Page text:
If you know anything about Search Engine Optimisation (SEO), then you know it’s a rapidly-moving beast. There are constant updates to the space, which means web developers and digital marketing companies need to stay on top of the developments to ensure SEO rankings remain strong.
So why would your rankings take a hit? Well, if you haven’t updated your website in a long time, or if you are implementing bad SEO tactics, which we explain below, it could cause Google to penalise you.
If you have been penalised, there could be one of several reasons why. Firstly, Google is changing things so rapidly that you just might have been left behind. That’s not entirely your fault. Of course, there is also the notion of trying to cheat the system to improve your rankings, and this will cause you trouble sooner or later.
Not sure what could cause Google to penalise your site? Just take a look at some of the reasons below.
Google claims that in some shape or form, it updates it’s algorithm every day. But every now and then, you’ll see rankings fluctuate out of the blue, and it means Google is working on something big. In recent times, there has been the Medic update targeting health, wellness or finance websites, otherwise known as Your Money, Your Life (YMYL) sites. In the past, there’s been the notorious Hummingbird, Panda and Penguin updates, all focusing on different core elements of SEO.
So depending on what Google is trying to achieve – whether it is to penalise websites with poor or little content, or websites that have a large number of toxic backlinks pointing to them – this could be the reason for a significant change in your rankings. Ultimately, if you are optimising your website by following all of Google’s best practices, then these algorithm updates could also prove to be an opportunity to get a huge boost in your rankings if it rewards you for doing so.
Having the same content across different pages on your website, or across different domains, will result in the pages being de-indexed, your rankings dropping and then traffic decreasing as well. Google is making a concerted effort to eliminate duplicate content because it’s been a bad SEO tactic for many years.
If you do have legitimate reasons to have the same content across the site, then you could add a canonical tag to alert Google that there may be two or more pages with the same content on your site.
On the flip side, having very little or no content on your web pages suggests to Google that you’re not interested in informing users about your business, products and services. The same goes if you just scrape content from other websites or just post guest blogs without putting much thought into it. Sites with this type of content are often referred to as ‘spammy’. Ultimately, Google will reward sites that have valuable, relevant and informative content on their site, as per the Panda update.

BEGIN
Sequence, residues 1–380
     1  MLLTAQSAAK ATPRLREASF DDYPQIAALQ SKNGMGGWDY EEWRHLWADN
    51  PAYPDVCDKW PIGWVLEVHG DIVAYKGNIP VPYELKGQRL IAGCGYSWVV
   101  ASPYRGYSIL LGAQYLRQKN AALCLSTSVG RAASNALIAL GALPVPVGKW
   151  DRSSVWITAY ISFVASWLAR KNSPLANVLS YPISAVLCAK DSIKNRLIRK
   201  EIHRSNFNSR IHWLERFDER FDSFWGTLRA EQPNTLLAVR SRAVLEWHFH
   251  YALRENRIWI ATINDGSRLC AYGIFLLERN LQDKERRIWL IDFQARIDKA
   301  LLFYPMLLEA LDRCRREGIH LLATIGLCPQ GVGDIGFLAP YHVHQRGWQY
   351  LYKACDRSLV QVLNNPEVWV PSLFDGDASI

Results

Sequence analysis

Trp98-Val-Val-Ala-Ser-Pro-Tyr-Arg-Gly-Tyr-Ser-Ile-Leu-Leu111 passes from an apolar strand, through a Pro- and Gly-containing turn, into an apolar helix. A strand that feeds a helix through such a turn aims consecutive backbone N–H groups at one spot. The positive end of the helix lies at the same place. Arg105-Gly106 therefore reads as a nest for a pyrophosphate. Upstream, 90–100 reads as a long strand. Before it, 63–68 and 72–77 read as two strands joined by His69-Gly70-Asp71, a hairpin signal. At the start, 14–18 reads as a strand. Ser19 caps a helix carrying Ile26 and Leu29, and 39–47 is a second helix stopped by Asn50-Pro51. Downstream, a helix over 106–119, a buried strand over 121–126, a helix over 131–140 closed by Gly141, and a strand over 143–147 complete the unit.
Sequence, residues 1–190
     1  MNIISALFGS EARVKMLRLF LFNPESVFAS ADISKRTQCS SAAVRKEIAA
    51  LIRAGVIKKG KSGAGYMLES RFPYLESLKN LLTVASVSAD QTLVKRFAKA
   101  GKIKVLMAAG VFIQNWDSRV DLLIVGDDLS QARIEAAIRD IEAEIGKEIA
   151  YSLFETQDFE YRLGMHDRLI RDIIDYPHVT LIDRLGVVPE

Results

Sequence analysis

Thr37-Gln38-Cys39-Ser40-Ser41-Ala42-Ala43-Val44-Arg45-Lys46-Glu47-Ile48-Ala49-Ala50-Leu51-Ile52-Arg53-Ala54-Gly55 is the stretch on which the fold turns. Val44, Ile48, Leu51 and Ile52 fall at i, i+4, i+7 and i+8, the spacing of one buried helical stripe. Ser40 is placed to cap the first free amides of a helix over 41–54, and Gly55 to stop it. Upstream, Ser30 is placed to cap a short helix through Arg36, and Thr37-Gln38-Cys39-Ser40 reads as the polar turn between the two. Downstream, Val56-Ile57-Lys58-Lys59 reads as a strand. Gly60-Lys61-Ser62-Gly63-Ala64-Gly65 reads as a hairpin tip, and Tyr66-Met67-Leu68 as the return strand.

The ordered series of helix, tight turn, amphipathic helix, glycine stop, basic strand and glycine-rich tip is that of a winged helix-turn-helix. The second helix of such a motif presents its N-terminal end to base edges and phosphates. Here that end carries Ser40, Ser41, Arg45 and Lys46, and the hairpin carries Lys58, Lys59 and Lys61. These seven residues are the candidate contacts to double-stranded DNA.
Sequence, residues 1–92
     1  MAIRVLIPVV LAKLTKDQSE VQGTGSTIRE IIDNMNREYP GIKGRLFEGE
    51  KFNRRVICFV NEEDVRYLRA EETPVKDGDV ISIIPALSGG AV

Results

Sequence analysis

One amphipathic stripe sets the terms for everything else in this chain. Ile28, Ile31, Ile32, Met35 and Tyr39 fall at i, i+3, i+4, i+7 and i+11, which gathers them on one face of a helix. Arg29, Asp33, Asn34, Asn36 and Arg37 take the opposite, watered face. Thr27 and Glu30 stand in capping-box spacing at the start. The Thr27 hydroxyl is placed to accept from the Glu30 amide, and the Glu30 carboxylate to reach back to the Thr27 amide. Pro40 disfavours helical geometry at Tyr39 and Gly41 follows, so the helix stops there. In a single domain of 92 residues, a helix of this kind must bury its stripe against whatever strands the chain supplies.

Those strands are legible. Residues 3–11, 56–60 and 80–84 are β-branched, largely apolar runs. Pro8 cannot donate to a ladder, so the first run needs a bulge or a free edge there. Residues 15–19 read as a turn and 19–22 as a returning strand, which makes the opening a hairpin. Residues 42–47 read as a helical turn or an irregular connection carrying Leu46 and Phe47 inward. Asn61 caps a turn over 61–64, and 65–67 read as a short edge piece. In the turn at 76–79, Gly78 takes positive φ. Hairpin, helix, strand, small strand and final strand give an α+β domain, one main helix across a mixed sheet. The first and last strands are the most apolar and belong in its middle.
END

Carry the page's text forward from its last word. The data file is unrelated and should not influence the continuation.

This one is from the old textbook of ‘cheating the system’, by including dozens or more keywords all in the same body of text, with the idea to get that page rankings for the keywords used. Whilst in theory, it sounds like a plan that could still work, Google has developed technology to pick this up and will penalise you for it. It’s not to say that you can’t use multiple keywords on the same page, they just can’t be loaded together in the same slab of text without making any sense.
A similar ‘old-school’ tactic is to have hidden text or links, which would be achieved by placing them in white text on a white background, or the same way with other colours. Whilst some spammers do get away with this nowadays, it’s quite rare that you can get away with it for too long without getting caught by Google.
This sophisticated technique involves displaying two different version of your website – one that Google sees and then one that visitors see. The idea behind this is that you can manipulate the search results to show up as legitimate, but then the user is redirected to a link that displays something totally different. Again, this is something Google is now able to police.
Unnatural Links To/From Your Site:
As commonly known in the industry, this is one of the most popular penalties applied by Google, which will occur when a site buys or sells links or participates in link schemes in order to boost organic rankings. Google can typically identify links that are considered “unnatural, artificial, deceptive or manipulative”. If you create organic links that serve a purpose to both parties involved, then you’ve got nothing to worry about.
Although getting hacked is not your fault, unfortunately you will suffer the consequences of getting penalised should they implement any bad SEO tactics as mentioned above. Hackers will often try to incorporate malicious content and links on your website, most likely to benefit them, and when found by Google, will often result in a drop in rankings and traffic. Affected pages also often show “This site is hacked” in the search result, which will have the most negative impact on your results.
Of course, there are a number of other determining factors that could be the reason you have been penalised by Google, and we will be able to identify more as they come to light. In the meantime, these ones mentioned above are the most common reasons and can be easily fixed with a change in SEO tactics.
If you believe your website has been penalised by Google or you’re not sure why your rankings have severely dropped recently? Get in touch with our Digital Strategists today so we can help you get back on track!